You’ve probably heard of Movember and/or No-Shave November. Every November, men around the globe let their facial hair grow, but did you know that both are social movements and organizations intended to increase awareness and raise money for men’s health issues? It’s true. No-Shave November was founded by the Hill family whose husband and father, Matthew Hill, died from colon cancer in 2007. It focuses solely on cancer awareness and cancer prevention. Movember (a combination of moustache and November) originated in Australia and focuses on prostate cancer, testicular cancer and colon cancer research, mental health and suicide prevention, parenting and general health. Both Movember and No-Shave November are amazing organizations that have raised awareness and millions of dollars for health issues that affect men. Because we deal with these health issues every day at KCUC, we want to take a minute to raise awareness as well.
Signs and Symptoms of Men’s Health Problems
Here’s the thing. The top threats to men’s health aren’t secrets: they’re known, common, and often preventable. To help raise awareness for men’s health issues that we see daily at Kansas City Urology Care, here is a list of the top killers related to urology:
Prostate Cancer: A Leading Cancer for Men
Prostate cancer is the most common cancer found in American men after skin cancer. Most cancers found in this walnut-sized gland that sits below the bladder and produces fluid for semen, are slow-growing cancers. But some types are more aggressive. Symptoms include bone pain, compression of the spine, painful urination or ejaculation, erectile dysfunction, and blood in the urine or semen. Screening tests help find the disease early. Screening for prostate cancer requires a digital rectal exam and a blood test for prostate specific antigen (PSA). Screening is recommended for men who are between 55 and 69 years old, men who are African American, and men who have a family history of prostate cancer.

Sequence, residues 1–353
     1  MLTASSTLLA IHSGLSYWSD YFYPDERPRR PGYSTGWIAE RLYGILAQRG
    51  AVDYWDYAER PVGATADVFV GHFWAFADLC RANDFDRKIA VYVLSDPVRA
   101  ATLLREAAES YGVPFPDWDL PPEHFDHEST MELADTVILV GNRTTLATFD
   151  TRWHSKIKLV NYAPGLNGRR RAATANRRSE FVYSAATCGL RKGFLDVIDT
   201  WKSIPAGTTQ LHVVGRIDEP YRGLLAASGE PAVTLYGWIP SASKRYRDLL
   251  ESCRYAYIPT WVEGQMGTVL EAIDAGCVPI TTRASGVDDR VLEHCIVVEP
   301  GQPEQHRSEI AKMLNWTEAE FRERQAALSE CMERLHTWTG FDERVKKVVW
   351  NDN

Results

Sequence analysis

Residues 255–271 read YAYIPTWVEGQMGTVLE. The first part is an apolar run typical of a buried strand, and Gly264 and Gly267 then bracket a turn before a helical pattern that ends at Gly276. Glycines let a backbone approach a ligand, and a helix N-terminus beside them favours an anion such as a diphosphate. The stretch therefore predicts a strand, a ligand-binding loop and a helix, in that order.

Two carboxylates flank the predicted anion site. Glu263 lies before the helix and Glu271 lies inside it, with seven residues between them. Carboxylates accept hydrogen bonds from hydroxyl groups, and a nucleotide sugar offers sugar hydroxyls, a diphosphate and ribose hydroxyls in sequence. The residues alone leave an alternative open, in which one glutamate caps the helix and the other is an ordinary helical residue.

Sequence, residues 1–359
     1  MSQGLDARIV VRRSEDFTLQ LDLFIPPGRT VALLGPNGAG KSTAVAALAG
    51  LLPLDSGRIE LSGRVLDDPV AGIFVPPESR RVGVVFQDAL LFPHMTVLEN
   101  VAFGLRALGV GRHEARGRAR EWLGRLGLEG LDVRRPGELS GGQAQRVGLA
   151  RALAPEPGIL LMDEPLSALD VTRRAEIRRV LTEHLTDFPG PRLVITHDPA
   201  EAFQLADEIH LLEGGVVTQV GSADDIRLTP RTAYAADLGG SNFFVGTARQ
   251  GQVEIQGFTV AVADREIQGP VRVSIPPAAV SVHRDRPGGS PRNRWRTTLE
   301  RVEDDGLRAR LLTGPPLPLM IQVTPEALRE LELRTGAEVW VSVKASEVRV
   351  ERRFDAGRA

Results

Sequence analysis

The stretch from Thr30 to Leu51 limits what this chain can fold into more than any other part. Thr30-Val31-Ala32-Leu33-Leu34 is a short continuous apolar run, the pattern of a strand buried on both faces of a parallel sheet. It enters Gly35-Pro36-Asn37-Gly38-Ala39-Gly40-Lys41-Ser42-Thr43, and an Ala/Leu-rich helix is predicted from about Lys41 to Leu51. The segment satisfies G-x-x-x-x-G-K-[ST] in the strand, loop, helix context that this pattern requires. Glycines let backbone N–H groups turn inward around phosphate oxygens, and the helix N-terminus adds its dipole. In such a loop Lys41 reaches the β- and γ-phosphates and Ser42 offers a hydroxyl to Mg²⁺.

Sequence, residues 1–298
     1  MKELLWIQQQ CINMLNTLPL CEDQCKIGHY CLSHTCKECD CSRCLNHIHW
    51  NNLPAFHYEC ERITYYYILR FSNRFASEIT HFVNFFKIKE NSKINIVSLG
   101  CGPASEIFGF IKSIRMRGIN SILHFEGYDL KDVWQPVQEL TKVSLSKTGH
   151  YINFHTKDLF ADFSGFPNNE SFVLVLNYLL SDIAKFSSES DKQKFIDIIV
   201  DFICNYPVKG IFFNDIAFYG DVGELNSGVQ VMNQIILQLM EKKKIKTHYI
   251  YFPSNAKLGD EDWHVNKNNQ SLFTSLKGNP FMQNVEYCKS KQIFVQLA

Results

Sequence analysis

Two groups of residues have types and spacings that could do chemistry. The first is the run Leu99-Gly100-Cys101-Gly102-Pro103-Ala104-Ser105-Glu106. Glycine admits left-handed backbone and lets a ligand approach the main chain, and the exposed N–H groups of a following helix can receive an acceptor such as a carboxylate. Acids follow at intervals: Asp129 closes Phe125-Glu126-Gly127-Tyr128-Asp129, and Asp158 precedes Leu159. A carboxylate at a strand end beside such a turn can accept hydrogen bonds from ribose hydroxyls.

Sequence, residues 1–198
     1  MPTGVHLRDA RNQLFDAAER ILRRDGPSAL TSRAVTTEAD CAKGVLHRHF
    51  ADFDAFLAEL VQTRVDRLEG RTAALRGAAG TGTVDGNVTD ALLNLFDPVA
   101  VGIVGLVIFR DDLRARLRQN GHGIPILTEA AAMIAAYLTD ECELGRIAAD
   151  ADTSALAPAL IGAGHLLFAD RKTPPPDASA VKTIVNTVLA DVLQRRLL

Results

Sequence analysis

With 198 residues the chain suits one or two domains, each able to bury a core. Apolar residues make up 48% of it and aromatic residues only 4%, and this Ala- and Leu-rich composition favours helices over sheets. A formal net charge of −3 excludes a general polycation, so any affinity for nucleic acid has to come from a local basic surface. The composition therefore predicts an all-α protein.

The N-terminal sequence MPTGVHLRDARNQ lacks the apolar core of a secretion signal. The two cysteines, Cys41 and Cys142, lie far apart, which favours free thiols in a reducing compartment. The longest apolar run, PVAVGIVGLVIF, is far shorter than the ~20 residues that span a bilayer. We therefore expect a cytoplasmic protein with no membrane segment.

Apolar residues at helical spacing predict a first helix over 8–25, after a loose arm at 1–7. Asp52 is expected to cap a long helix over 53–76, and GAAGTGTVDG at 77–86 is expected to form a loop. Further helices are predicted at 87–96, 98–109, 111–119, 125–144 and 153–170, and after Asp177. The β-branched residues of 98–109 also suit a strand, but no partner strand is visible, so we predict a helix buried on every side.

Testicular Cancer: Common in Younger Men but Highly Curable
This is an uncommon cancer usually seen in men between the ages of 20 and 54. Knowing the signs will improve the likelihood of detecting it in its earliest stages, when more treatment options are generally available. This is especially important because testicular cancer is usually considered to be highly curable. Symptoms include a painless lump, enlargement of one or both testes, pain or heaviness in the scrotum, a dull ache or pressure in the groin, abdomen or low back, a general feeling of overall weakness, including unexplained fatigue, fever, sweating, coughing, shortness of breath or mild chest pains, a headache and confusion. Testicular exams are typically part of a man’s routine check-up. It’s a good idea to do self-exams for lumps, bumps, or changes in the testes’ size or shape.
Colorectal Cancer: Get Regular Colonoscopies
Most colon cancers develop from growths called polyps on the inner surface of the colon. Finding and removing colon polyps before they turn cancerous is key. Symptoms include: a persistent change in bowel habits, including diarrhea or constipation or a change in the consistency of your stool, blood in your stool or rectal bleeding, weakness/fatigue, abdominal pain such as cramps or gas, a feeling that your bowel doesn’t empty completely, unexplained weight loss, and vomiting. A colonoscopy is the most recommended procedure to screen for colorectal cancer. A colonoscopy is recommended every 10 years beginning at the age of 50. If there is a family history, you should begin being tested before age 45.
Erectile Dysfunction: A Common Health Problem in Men
Erectile dysfunction is most often caused by atherosclerosis – the same process that causes heart attacks and strokes. If you have ED frequently, it’s a sign that blood vessels throughout your body are not healthy. That’s why doctors consider erectile dysfunction an early warning sign for cardiovascular disease. Treatments make a fulfilling sex life possible, but they don’t cure the cardiovascular condition. If you have erectile dysfunction, see your doctor, and ask if more than your sex life is at risk.
Cancer – Not by the Hair of Your Chinny Chin Chin
Movember and No-Shave November are great ways to start the slightly awkward conversations about men’s health. If wearing a mustache or beard for the month of November helps you have these conversations with friends and family members, by all means, grow your hair and talk it up! You may save someone close to you.